An executive who led turnarounds at Victoria’s Secret and American Eagle reveals what the cannabis industry can learn from big retail brands

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An executive who led turnarounds at Victoria’s Secret and American Eagle reveals what the cannabis industry can learn from big retail brands

Peter Horvath knows a thing or two about building consumer brands. As the president of DSW, he led the shoe retailer’s initial public offering in 2005. Now, after stints in the c-suites of Victoria’s Secret and American Eagle — as well as serving as the CEO of a $1 billion defense contractor — he’s turning his attention to the cannabis industry.

As the CEO of Green Growth Brands, an Ohio-based cannabis retailer founded in March of this year, Horvath is working to build a brand focused on the health and wellness side of the burgeoning industry.

According to Horvath, the company is unique among cannabis retailers because of its executive team with decades of experience across consumer brands like American Eagle and Bath & Body Works.

“We’re going to apply what we know to a brand new business, and the upside is tremendous,” Horvath said in an interview with Business Insider.

The startup recently inked a deal to run and operate a dispensary brand in Nevada called The Source, and it’s also rolling out lines of beauty products like lotions and lip balms that contain CBD, a non-psychoactive compound found in cannabis that’s thought to have an array of health benefits.

Backed by the billionaire Schottenstein family of the American Eagle fortune, Green Growth Brands recently closed an oversubscribed $65 million funding round. Horvath is preparing to take the company public through a reverse takeover of Xanthic Biopharma, a company listed on the Canadian Securities Exchange, to capitalize on some of the frenzy around cannabis stocks.

“It’d be foolish to sit on the sidelines and use our own cash to grow our business,” Horvath said.

Horvath is taking what he learned at Victoria’s Secret and applying it to the fledgling cannabis industry.
REUTERS/Brendan McDermid

‘Like going into your kitchen and getting coffee’

Horvath has big plans for the startup. “We want using CBD to be like going into your kitchen and getting coffee,” he said.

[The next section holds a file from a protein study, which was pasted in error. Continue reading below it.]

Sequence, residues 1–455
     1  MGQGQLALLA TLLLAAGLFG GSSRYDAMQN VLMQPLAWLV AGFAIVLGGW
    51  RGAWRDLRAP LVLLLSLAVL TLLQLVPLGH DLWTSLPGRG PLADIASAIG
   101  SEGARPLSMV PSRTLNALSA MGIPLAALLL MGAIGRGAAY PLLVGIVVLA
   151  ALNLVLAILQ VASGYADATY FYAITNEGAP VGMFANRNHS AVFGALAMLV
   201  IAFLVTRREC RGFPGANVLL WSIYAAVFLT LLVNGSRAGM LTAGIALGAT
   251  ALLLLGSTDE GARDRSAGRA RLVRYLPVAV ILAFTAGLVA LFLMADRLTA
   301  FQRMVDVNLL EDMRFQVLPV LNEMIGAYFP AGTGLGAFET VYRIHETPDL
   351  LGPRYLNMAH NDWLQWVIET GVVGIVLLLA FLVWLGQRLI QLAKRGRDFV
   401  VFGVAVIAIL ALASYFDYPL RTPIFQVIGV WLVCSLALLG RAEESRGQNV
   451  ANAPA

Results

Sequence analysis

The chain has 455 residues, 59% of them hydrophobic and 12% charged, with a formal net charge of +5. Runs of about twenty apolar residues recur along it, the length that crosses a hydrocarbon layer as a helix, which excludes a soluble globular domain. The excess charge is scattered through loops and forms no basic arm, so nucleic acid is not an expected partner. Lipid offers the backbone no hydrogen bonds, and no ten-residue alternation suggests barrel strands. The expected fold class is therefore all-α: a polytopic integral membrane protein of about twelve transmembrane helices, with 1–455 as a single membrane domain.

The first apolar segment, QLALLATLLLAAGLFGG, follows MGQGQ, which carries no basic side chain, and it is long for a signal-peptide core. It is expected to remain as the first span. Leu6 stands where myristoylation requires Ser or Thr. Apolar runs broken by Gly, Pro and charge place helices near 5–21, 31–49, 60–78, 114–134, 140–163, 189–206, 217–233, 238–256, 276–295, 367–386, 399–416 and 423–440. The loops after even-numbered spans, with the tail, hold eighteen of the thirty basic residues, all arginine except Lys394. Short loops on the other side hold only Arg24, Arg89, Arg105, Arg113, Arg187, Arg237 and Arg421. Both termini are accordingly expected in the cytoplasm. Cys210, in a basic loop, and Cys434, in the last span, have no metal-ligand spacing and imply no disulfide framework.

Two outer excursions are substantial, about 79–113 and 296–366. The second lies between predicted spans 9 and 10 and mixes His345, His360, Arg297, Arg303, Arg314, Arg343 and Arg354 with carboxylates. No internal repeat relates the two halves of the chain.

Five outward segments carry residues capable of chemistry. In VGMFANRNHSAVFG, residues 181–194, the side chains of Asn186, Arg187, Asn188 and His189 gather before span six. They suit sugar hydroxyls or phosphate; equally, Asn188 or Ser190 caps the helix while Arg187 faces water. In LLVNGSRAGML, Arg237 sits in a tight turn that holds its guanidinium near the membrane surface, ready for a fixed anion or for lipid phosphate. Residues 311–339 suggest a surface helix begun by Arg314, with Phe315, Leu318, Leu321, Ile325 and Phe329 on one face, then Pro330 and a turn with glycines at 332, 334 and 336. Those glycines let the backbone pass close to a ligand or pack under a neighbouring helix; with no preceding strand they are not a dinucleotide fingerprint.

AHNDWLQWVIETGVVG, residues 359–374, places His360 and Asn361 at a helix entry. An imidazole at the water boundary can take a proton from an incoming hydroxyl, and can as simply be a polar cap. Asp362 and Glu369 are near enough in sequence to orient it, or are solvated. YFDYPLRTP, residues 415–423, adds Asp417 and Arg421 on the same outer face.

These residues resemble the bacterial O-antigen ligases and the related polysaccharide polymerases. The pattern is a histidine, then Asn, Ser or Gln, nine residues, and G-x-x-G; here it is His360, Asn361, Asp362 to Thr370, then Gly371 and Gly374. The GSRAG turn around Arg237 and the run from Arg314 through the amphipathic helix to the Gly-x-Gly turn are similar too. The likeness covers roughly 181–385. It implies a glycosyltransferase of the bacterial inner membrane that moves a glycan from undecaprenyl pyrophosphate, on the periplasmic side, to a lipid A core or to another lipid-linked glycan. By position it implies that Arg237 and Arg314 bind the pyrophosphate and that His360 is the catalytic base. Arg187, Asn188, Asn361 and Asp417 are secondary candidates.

CBD, or cannabidiol, is a hot topic among the biggest consumer packaged goods companies, many of which are either exploring or have pursued deals in the sector as regulations ease and stigmas lessen. Coca-Cola and Constellation Brands are two of the biggest names to have publicly signaled interested in the sector (and in Constellation’s case, sign multi-billion dollar deals).

What Horvath sees on the market doesn’t impress him. He said he sees lots of stores “pretending to be Starbucks,” but the reality is, “they’re never going to master that.”

“I think people open a [cannabis] store and all they need is some garbage bags and a rake and they get the cash,” Horvath said.

“The thing is, that’s not going to be the case in the future,” Horvath said. “Every day there’s more stores and every day there’s a store that’s closer to your house, and it may have the same products for cheaper.”

To Horvath, it’s about having a management team with experience “winning customers.”

“It’s price and it’s product, but it’s even more than that,” Horvath said. “It’s people, it’s position, it’s place, it’s all those things. And you can’t just read about it, you have to have done it.”

Horvath said that based on his team’s experience with beauty products, it’s never a good idea to make men’s products — they don’t make nearly as much money. That’s why most of Green Growth’s product offerings are going to be geared towards woman.

For example, Horvath pointed to Seventh Sense, a CBD-focused beauty and wellness brand within Green Growth Brand’s suite.

“Most guys are going to discover this product in their girlfriend’s showers,” Horvath said. “That’s a marketing opportunity.”

“If you make it for her, he’ll eventually buy it,” Horvath said.

In the future, Horvath expects CBD and cannabis products to pop up on the radars of boardrooms everywhere — from beauty startups like Glossier, to retail behemoths like Amazon.

“You’ve got to skate to where the puck is going, not where it is,” Horvath said.

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